Ukraine still suffering infrastructure strikes

3 January 2023

On 29 December Russia launched what appeared to be one of its biggest strikes to date on Ukraine’s energy infrastructure, pummeling Kyiv and other cities and towns. Several regions reported power outages. The attacks combined a swarm of drones and a volley of cruise missiles. 

The strikes were a continuation of three-month infrastructure attack campaign, which military analysts say is an effort to demoralise the population by plunging the country into freezing temperatures and long periods of without heat and light. Lviv’s mayor said that electricity had been lost for 90 % of the city, and Kyiv’s mayor reported that 40 % of the capital was without electricity.

IAEA Update 138

A 330 kV back-up power line to Ukraine’s Zaporizhzhya nuclear power plant (ZNPP) was disconnected on 29 December owing to damage caused by shelling, said Rafael Mariano Grossi, director general of the International Atomic Energy Agency, in his latest Update on 30 December.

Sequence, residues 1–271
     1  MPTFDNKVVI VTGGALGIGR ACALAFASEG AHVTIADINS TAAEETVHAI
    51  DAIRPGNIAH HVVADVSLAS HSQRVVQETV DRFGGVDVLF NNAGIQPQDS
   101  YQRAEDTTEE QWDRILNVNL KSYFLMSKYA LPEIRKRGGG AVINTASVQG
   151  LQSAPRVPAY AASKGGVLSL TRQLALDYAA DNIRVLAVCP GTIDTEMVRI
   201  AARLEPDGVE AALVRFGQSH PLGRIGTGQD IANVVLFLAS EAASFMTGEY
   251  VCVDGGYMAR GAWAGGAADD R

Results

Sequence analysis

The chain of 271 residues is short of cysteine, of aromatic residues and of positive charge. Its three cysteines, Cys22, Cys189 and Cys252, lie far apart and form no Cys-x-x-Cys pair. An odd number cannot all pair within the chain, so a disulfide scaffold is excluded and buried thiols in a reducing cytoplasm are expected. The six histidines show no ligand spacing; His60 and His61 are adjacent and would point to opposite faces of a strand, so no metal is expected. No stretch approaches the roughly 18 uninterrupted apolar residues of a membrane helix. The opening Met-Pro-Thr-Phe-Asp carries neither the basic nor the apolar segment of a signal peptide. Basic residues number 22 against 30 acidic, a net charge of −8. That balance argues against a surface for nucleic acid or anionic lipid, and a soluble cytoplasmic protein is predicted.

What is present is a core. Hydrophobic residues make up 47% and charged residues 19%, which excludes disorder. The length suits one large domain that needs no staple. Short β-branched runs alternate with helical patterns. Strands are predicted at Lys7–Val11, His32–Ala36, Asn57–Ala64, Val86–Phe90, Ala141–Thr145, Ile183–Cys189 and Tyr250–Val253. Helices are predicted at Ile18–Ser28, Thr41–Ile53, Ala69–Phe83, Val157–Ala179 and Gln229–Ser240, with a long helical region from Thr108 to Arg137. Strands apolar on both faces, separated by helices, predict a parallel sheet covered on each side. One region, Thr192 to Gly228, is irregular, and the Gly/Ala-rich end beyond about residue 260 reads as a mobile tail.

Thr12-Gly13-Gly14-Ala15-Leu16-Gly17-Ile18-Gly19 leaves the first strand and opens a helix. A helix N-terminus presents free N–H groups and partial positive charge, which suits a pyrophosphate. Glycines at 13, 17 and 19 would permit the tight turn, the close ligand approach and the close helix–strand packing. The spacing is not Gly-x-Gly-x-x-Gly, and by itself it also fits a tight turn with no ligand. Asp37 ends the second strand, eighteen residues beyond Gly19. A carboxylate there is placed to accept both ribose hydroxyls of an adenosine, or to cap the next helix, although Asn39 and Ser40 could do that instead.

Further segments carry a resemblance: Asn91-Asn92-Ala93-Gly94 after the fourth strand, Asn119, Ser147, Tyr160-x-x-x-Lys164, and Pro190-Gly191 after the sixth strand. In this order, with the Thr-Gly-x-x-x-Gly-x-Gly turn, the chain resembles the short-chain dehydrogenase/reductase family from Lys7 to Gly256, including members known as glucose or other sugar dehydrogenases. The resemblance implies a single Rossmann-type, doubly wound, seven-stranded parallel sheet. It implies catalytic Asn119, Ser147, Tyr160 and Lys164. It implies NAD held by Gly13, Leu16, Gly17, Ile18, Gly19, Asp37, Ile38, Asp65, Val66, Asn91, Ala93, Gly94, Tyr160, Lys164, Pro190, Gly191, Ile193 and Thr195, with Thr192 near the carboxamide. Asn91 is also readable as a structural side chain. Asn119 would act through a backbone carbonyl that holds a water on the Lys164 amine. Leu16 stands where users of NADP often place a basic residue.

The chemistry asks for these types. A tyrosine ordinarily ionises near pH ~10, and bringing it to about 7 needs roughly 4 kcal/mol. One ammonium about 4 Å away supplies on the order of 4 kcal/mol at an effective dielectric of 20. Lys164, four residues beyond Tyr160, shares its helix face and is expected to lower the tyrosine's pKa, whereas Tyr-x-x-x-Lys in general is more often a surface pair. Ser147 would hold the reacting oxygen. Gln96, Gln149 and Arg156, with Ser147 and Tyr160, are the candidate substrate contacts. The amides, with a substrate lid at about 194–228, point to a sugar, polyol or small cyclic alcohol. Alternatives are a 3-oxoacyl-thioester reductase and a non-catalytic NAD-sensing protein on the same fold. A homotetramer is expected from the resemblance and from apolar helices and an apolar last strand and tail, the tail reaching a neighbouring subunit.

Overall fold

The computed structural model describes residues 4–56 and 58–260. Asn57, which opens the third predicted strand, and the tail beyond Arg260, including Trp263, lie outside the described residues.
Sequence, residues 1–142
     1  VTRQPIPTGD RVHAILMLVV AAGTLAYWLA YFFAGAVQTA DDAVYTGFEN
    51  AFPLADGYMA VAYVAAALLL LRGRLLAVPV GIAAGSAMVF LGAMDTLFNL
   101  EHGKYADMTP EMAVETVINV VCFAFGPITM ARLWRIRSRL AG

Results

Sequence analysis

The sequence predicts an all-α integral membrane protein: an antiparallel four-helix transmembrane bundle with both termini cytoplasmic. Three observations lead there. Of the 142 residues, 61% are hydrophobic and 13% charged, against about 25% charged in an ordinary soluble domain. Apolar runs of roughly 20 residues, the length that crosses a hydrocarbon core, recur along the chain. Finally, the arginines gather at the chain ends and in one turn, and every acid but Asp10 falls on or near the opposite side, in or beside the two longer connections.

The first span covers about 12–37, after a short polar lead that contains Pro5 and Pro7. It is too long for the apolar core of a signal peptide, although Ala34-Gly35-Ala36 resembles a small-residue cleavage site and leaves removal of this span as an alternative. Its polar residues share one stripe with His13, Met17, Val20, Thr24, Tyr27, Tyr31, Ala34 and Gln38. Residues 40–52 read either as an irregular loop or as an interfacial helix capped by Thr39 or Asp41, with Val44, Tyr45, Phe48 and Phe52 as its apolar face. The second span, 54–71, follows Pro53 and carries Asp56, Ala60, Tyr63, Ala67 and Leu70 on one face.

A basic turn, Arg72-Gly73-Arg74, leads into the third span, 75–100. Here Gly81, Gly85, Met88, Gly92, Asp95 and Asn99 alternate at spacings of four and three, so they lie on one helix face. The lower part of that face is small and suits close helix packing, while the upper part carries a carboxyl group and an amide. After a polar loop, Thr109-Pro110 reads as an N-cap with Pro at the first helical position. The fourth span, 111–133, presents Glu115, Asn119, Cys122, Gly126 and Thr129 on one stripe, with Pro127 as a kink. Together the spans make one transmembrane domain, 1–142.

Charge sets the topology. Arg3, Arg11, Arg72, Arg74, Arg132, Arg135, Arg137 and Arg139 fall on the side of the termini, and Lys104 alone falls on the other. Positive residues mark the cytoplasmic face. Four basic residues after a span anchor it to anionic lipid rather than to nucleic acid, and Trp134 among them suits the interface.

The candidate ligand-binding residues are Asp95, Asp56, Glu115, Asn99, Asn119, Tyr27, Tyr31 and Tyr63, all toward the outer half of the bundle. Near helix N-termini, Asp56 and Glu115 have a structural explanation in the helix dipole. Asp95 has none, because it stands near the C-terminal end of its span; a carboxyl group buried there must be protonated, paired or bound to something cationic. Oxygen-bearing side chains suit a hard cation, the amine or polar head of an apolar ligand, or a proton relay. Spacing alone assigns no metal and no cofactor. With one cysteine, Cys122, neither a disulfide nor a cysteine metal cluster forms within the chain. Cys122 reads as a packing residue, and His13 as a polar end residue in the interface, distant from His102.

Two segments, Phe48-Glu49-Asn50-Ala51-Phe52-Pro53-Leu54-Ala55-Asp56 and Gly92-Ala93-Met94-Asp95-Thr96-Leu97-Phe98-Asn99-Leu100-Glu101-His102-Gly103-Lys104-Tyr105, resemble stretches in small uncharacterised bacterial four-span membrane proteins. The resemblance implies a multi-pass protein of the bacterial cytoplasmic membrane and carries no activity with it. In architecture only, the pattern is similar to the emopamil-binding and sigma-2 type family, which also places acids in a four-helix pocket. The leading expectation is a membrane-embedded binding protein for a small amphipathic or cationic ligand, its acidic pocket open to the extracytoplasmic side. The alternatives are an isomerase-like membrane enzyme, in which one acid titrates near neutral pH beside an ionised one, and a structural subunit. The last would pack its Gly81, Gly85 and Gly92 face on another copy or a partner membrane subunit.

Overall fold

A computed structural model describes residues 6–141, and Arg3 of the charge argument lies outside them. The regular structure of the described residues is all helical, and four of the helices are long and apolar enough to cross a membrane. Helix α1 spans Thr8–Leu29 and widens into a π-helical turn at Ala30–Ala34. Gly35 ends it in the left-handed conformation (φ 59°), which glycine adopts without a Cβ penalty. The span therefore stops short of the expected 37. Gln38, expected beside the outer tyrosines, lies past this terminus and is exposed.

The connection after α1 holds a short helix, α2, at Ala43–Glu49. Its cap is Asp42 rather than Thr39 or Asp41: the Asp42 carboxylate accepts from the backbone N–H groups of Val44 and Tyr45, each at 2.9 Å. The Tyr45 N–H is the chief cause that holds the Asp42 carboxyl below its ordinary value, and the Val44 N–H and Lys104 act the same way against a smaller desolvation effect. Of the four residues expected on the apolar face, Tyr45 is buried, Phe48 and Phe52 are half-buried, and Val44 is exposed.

The ZNPP, whose six reactors are all in shutdown, continues to receive the off-site electricity it needs for reactor cooling and other essential nuclear safety and security functions from the plant’s only remaining operational 750 kV external power line, one of four such lines before the current conflict in Ukraine. 

The team of IAEA experts present at ZNPP reported that its connection to the 330 kV Ferosplavna 1 back-up line was lost as a result of damage on the other side of the Dnipro River, some distance away from the plant itself. Work to repair the line is under way.

The Ferosplavna 1 line was the ZNPP’s last functioning back-up power line and it is vital that it is restored as soon as possible, director general Grossi said, reiterating that all military action potentially threatening the nuclear safety and security of Ukraine’s nuclear power plants must stop immediately. He is continuing his consultations with Ukraine and Russia aimed at agreeing and implementing a nuclear safety and security protection zone around the ZNPP as soon as possible.

Ukraine has informed the IAEA that the country’s three other NPPs – located in Ukrainian-controlled territory, unlike the ZNPP – were in the process of restoring their electrical power production levels following a decrease in output after the 29 December missile attacks.

At ZNPP, four more mobile diesel-fuelled boilers have begun operating, bringing the total to eight out of nine delivered with power in the range of 1–6.5 MW.  The nine boilers will provide about 34 MW of heating to the site and to the nearby city of Enerhodar.

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